Jerusalem is not only about multicultural environment or religious, archaeological and historical meaningful sights, but has also become an attraction for entrepreneurs and cutting-edge innovation programmes. Getting beyond any religious or cultural disagreement, the city’s authorities have understood that above all, science and business can bring all under the same roof. And indeed, Jerusalem is in process to reinvent itself as a “startup city”, focusing on the entrepreneurship and the force of the hi-tech innovation.
Five years ago, the Ministry of Jerusalem, together with the city municipality and Jerusalem Development Authority launched Jnext, a programme meant to maximize the city’s technology potential, creating an environment for the start ups to set up their businesses, to come up with new entrepreneurial ideas, in a word, to innovate. The investment so far in the Jnext initiative has mounted to USD 20 million, and the forecast is the figure will climb up to USD 100 M in the upcoming five years. First results are already visible, with the city becoming one of the fastest growing startup scenes, among the top 30 leading startup ecosystems worldwide, according to Startup Genome. Jerusalem ranks first in the top five emerging tech hubs in the world, as Time Magazine and Entrepreneur Magazine say.
How does the Jnext work? It functions as a “one-stop shop” for hi-tech and life science companies, by actively looking for gaps and challenges in the city’s startup ecosystem and helping these companies interact with research institutes, the scientific community of the universities, connecting to multinational or national companies’ knowledge, providing assistance in finding office HQs.
570 hi-tech and life-science companies, 18 accelerators and innovation labs are currently active in Jerusalem, with a total amount of investments raised by Jerusalem-based companies mounting to USD 1 billion from 2012 to 2017.
One of the startup accelerators based in Jerusalem is MassChallenge, a global innovation group that chose to open an office here in 2016 due to the attractive entrepreneurship and innovation prospects of the city.
“Our goal is to help entrepreneurs win and achieve their dreams. We believe that start ups, entrepreneurs are the key to changing the world,” Masschallenge partnership manager, Josh Gottesman told us. How is Masschallenge different from other major accelerators? They are non-profit and they are “sector agnostic”, meaning they have startups from every background. First of all they are non-profit, they don’t take any money from the startups, being funded by a joint partnership between the Ministry of Economy, the Ministry of Jerusalem and the Jerusalem Development Authority, but the bulk of their budget comes from multinational corporations. Among their sponsors are IBM, Hapoalim bank group, or Rafael, one of the top defense contractors in Israel.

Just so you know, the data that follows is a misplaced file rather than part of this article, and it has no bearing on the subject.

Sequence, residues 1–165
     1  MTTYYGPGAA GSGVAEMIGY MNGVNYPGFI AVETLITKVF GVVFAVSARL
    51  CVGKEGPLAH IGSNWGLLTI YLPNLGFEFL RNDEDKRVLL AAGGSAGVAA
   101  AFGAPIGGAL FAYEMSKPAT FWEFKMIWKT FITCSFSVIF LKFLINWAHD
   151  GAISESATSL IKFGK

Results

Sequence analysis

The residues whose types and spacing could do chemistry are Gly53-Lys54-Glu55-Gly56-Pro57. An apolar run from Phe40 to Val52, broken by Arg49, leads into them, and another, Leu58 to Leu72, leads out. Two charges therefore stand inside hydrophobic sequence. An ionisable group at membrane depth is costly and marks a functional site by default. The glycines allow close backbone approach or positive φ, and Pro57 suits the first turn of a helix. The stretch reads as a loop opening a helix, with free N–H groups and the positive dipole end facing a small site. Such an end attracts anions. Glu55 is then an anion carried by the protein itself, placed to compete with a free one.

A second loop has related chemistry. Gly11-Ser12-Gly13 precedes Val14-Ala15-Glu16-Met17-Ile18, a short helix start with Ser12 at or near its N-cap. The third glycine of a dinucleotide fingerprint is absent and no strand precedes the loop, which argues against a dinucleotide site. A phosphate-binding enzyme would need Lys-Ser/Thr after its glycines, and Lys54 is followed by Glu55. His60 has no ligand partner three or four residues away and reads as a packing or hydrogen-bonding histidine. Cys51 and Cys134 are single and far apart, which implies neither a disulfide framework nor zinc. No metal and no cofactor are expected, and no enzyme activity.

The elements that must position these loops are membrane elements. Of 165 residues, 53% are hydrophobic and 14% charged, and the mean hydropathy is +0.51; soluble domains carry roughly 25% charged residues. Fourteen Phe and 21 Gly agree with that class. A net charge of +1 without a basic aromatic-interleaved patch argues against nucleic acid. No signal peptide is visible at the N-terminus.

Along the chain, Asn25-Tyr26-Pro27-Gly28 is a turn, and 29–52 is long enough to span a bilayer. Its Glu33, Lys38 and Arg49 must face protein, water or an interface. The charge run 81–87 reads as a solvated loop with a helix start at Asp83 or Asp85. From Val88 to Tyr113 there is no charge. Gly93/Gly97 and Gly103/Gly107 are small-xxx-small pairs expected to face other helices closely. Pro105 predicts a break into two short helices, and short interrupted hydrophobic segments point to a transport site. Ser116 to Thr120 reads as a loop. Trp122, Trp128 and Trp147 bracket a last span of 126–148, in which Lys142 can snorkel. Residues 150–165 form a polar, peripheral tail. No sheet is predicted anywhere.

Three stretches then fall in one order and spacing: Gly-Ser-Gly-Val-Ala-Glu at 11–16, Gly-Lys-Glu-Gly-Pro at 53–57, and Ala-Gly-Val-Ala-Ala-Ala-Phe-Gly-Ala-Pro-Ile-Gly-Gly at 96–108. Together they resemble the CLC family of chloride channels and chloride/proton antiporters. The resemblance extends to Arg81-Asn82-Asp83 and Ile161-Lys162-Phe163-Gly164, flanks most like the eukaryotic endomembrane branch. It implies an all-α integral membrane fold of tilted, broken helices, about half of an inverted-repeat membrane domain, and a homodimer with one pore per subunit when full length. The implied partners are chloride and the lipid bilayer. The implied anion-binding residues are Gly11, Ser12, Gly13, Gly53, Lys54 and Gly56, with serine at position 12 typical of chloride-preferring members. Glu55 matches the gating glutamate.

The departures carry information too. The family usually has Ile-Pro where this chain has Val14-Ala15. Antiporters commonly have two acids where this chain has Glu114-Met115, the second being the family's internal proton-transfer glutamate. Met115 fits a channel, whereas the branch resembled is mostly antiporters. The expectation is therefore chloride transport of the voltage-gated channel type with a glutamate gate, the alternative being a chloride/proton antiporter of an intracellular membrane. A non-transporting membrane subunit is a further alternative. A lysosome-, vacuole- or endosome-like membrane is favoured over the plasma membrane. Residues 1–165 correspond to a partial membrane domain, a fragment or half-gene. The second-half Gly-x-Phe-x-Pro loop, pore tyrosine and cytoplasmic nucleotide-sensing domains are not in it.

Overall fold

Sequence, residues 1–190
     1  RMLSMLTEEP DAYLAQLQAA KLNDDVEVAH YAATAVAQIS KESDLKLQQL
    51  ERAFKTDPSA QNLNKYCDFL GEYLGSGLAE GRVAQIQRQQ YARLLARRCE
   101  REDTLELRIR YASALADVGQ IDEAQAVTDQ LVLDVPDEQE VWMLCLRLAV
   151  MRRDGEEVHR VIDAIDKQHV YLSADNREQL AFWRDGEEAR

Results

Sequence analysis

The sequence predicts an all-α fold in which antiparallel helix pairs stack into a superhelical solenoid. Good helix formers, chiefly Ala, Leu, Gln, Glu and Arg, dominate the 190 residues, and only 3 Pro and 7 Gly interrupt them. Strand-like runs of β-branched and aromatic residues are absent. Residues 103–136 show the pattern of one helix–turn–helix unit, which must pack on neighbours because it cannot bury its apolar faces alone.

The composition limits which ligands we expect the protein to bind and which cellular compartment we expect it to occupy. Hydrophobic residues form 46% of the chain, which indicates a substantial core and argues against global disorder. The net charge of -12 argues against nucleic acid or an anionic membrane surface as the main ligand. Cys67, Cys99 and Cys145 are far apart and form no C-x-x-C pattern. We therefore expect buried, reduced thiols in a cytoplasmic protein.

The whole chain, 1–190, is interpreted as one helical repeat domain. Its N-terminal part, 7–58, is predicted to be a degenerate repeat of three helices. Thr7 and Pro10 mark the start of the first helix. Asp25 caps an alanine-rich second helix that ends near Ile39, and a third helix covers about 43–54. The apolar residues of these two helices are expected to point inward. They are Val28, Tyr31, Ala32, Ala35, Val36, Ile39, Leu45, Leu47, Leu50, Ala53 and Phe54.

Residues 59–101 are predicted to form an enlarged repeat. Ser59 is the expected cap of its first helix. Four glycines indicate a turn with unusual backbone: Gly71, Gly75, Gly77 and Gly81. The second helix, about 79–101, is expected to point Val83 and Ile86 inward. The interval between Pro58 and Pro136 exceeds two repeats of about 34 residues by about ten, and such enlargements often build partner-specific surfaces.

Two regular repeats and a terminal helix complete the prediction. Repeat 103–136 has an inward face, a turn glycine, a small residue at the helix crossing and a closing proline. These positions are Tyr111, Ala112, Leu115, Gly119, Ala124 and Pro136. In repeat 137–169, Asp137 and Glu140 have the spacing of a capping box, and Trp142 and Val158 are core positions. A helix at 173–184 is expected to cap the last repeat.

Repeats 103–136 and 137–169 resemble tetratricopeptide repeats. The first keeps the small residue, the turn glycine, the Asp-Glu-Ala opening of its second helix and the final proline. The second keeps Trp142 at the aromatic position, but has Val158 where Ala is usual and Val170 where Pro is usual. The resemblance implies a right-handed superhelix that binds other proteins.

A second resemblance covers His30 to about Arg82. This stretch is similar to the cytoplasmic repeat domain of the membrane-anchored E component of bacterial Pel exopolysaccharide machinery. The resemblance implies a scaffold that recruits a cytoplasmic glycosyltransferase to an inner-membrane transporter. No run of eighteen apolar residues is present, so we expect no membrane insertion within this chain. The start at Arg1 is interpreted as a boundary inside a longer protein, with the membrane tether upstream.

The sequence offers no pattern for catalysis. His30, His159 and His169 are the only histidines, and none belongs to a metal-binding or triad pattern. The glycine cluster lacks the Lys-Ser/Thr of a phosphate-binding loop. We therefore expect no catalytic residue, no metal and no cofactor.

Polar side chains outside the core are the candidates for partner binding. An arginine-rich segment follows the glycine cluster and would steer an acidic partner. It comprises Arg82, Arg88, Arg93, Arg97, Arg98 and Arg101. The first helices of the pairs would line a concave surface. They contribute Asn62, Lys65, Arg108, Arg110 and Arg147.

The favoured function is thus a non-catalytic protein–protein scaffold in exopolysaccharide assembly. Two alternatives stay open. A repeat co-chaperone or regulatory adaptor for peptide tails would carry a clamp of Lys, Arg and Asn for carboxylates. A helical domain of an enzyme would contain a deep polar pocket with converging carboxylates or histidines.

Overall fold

“In Israel we have 52 companies in a cohort, a number about five times larger than any other accelerator in the country. In our future location we’ll have space for 85 companies, we are the largest and we continue to grow,” Josh said, adding that they rejoin various startups, from the profit to non-profit ones, from those that have social impact, to startups on education or biotechnology, with 15% of the companies coming from abroad, 40% from Jerusalem, and the rest from other places in Israel.
He said they have a startup that is teaching science, technology, engineering and maths to girls, another one from India addressing the local micro-greenhouse farming or one that developed the self-cleaning toilet, as there still is a huge sanitation issue in India. One startup under MassChallenge has developed the motorcycle that turns into car and vice versa.
So, MassChallenge is mainly focused on those startups that have a real social impact, that impacts large communities, but it also help the multinationals or national companies connect to the innovation ecosystems.
“We help connect companies to relevant investors or help their employees be better connected to innovation and that’s we do for Rafael, for instance, a company that really helped building the state of Israel. Historically, everything they did was done internally, as defence contracts were a highly confidential, secret issue. But they realized that for the past ten years the top engineers who used to be very excited to go to Rafael are creating their own startups instead of going to one of these big companies. And so, they need to connect their very employees to the innovation ecosystem. We help them create innovation strategies,” Josh explained.